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. Last Updated: 07/27/2016

Guide to the Stars




There was a time when the word "alternative" really meant something. It was a synonym for something brand-new and cool - to set against a dusty Soviet past.


Now it stands for a political and cultural squabble between Moscow Mayor Yury Luzhkov and former Prime Minister Sergei Kiriyenko.


Last week Kiriyenko, representing his new political movement New Force, presided over the presentation of the alternative Moscow arts festival at the Gelman gallery. The festival is called Neofitsiyalnaya Moskva, or Unofficial Moscow, and is slated to coincide with the Day of the City at the start of September.


The event is organized by Marat Gelman, whose reputation for things alternative is well known. He has used his gallery in the past as a forum for exhibiting fake kompromat material about the Russian ruling elite and for a recent exhibit, "The Newcomer," showing why many people hate Moscow.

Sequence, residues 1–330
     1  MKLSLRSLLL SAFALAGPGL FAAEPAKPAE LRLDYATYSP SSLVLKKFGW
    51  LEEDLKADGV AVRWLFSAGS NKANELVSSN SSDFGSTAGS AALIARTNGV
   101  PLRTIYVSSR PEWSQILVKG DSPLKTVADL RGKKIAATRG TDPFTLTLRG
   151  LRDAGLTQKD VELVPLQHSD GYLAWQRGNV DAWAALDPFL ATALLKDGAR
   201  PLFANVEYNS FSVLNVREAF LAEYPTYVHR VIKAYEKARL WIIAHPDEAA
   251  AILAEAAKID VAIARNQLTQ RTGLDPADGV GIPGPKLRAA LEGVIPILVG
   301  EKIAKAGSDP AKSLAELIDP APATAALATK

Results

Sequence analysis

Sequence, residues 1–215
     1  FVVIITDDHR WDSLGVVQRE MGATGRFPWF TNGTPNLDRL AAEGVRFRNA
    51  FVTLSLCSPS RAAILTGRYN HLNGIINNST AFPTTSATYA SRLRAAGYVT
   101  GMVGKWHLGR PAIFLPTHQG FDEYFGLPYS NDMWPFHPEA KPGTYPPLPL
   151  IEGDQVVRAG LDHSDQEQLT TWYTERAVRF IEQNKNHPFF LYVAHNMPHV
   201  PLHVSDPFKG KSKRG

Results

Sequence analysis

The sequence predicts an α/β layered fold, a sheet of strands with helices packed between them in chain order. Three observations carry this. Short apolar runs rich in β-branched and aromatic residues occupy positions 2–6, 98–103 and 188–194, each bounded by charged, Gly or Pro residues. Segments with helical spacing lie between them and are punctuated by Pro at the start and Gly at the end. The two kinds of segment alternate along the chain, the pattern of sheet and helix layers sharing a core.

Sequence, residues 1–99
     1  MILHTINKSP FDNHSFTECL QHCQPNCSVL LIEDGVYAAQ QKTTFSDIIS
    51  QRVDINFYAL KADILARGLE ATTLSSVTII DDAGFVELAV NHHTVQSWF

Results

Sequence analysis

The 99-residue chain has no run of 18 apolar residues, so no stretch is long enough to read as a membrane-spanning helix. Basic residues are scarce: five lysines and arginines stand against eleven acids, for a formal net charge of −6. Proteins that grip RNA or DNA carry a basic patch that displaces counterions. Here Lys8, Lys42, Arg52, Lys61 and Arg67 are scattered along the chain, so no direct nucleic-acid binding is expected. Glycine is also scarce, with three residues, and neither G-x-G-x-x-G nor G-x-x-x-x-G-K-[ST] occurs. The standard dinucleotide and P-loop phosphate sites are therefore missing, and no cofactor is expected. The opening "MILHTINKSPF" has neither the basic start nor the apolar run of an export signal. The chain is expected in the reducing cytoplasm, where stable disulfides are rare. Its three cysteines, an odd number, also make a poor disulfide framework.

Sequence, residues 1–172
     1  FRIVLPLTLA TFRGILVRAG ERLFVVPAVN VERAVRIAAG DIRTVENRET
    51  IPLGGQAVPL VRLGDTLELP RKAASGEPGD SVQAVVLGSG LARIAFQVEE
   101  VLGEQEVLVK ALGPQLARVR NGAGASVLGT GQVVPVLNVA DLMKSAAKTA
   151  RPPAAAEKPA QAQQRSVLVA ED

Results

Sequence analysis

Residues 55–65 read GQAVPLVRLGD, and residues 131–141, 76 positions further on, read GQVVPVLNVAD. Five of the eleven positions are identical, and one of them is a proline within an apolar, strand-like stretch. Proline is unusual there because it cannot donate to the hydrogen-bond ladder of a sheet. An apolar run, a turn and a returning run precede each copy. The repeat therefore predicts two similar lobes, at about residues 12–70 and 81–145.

The festival, which aims to target the young urban generation, will feature all kinds of nonconformist art, from film showings to literary disputes, involving such cult figures as novelist Viktor Pelevin and playwright Boris Yukhananov. The musical part of the festival will present the less traditional bands on the Russian pop scene, among them the Zapreshchyonniye Barabanshchiki, or Forbidden Drummers.


But it is not just art that stands at the core of alternative Moscow: It represents an angry reaction to the rule of the city administration and in particular Mayor Luzhkov. His cultural policy in the city was described by festival organizers as "conservative and unoriginal."


"It is very important to understand that Moscow and Moscow culture is something broader than the City Hall's circle of interest," Kiriyenko said in an interview published in the festival newspaper Moskovskaya Alternativa.


Perhaps it was such sentiments that irked the city administration. According to Ivan Zasursky, the festival press chief, city officials told the organizers earlier this week that Unofficial Moscow can't be staged on Pushkin Square. The space is to be occupied by a UNESCO ceremony in which a prize will be given to the city.


"There may be some maneuvers going on within the [city] government," Zasursky said. "We are looking for an alternative place".